The Story of The Time I Ran a MileK. Praslowicz
So last weekend was the annual Grandma’s Marathon weekend here in The Zenith City. While in years past I have gotten down to the marathon to spectate and take photos, this year I managed to once again sleep through the whole thing. I give partial credit on this failure to the rise of Lake Avenue Live over the past few years. A nice event far more appealing than the official marathon party that that has given me an actual reason to go out the night before race.
The day before though I did stop in and observed the running of the William A Irvin 5k.
The head of the pack flew by and soon the slower middle of the pack was rumbling past. I wasn’t standing very far into the course, maybe 1500 feet or so, so I took notice of people who were already shifted down a gear and were walking. Fifteen years ago the douchebag twenty-year old me would probably have thought “Ha ha ha. Sign up for a 5k and have to walk this soon into it! n00b!” before walking off to lay on a couch and drink a Mt Dew. But since the more sensible mid-thirties year old me was present instead, the thoughts were more along the line of “Interesting. I wonder how far I’d be able to make it before I had to stop and walk. I have no idea.”
I think I might have had some sort of dream that night where I was running, and it was effortless. Later in the afternoon after six thousand other people paved a twenty-six mile trail of gel packs and nipple blood between Two Harbors and Duluth, the unanswered question of could I even make it a mile? kept niggling at my mind. The last time I recall every attempting such a feat was in fourth grade when we had to do four laps around the playground at my elementary school. I remember that sucking. I’m sure I had to do it again at some point of my public education time, but that is the one that always stuck.
Fine. I’ll do it. I need an answer.
I hopped onto Strava and figure out exactly where I needed to go to make one mile that started and ended at my doorstep. I put on some shorts and stepped outside.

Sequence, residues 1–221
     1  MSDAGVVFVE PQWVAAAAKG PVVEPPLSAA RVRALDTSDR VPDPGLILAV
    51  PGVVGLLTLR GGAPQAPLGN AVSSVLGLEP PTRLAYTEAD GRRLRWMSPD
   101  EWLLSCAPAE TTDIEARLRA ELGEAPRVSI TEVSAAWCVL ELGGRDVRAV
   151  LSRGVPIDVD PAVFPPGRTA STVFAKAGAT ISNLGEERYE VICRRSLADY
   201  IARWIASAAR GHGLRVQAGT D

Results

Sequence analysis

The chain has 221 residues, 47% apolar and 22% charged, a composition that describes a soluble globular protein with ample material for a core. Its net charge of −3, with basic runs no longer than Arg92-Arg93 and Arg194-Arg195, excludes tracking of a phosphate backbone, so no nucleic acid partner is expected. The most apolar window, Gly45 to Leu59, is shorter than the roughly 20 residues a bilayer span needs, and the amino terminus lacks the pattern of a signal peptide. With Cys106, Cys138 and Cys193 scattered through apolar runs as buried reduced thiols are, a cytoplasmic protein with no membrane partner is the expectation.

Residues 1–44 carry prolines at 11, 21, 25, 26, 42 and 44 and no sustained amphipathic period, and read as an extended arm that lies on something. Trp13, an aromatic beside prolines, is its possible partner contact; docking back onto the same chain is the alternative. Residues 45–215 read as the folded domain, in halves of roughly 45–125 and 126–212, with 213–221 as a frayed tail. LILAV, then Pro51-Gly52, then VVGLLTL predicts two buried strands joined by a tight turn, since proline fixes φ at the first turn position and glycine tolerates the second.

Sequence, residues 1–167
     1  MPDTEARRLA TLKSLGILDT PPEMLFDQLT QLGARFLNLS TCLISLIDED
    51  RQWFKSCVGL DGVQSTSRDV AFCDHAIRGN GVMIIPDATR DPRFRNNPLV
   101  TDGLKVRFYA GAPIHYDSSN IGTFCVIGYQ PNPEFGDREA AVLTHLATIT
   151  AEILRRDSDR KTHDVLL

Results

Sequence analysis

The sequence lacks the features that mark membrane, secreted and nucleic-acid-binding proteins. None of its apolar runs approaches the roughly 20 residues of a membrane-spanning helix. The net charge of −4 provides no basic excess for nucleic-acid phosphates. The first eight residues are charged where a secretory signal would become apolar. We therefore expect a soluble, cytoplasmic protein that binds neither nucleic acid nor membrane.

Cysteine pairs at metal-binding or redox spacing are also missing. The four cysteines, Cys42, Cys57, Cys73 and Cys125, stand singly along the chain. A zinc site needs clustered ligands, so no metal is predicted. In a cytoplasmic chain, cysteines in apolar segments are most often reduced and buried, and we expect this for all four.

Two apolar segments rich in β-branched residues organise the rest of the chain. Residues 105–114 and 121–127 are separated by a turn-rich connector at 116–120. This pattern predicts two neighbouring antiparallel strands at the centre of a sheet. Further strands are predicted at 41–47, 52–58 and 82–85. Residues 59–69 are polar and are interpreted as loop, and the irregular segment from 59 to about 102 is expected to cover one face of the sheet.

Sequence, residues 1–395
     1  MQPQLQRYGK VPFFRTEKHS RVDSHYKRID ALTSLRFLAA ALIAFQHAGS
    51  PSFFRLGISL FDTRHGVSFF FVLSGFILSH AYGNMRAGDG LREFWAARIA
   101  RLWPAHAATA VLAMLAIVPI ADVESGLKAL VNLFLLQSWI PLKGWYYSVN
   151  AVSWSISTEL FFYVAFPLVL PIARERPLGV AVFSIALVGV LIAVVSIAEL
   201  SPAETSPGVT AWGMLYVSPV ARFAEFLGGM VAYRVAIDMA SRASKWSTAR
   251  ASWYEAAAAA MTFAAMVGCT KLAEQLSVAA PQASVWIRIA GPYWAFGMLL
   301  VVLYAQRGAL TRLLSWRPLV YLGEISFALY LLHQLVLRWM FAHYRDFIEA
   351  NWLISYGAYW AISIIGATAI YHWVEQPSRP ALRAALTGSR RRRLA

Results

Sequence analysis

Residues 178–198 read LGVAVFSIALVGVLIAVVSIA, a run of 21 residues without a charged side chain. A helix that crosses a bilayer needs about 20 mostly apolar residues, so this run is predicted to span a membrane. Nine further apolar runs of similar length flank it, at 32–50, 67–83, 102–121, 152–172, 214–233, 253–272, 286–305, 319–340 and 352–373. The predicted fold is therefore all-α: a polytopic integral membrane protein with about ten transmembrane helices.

But first, some additional history.
Between the ages of zero and thirty-three, the most amount of exercise I think I ever got was whatever we were forced to do during physical education classes. By 2012 simple things such as standing for ten minute were starting to become a factory of pain. Getting out of bed made my knees makes sounds similar to a truck backing over a box of light bulbs. I may be wrong, but I also assume my lungs weren’t suppose to make popping sounds when I tried to breath deep.
For corrective measure I bought a bike in early 2013. I’ve put over 3200 miles in since, and have completed one of the most difficult races in the region. Lungs no longer click. Knees no longer crack. How bad can a mile run be? I’m ready for it!
Took me just under ten minutes to finish the mile route. I had to slow down to a walking pace for a few seconds maybe three or four times, but didn’t vomit thank God. Two years of cycling cardio definitely helped out a ton. No splitting side aches! Head kind of hurt though.
I submitted my GPS times and didn’t even care that auto-correct changed mile into mole and went back inside to clean up.
I thought that was the end, but it wasn’t. Eight hours later my head still had a nice headache from the run. I was also starting to feel it in the legs. By morning the headache was gone, yet my legs started to really express their anger with me. Took until three days later for me to finally say that the pain went away. Funny how cross training can find new ways to move already developed muscles in way that they aren’t prepared for.
I still don’t think running is quite for me, especially with my family’s history of having terrible knee joints. Though I expect I will probably do the same loop from time to time, if only because I’m a data junkie and want to see time differences now vs the future when my legs are used to using those muscles.
And that my friends is the story of the time I ran a mile.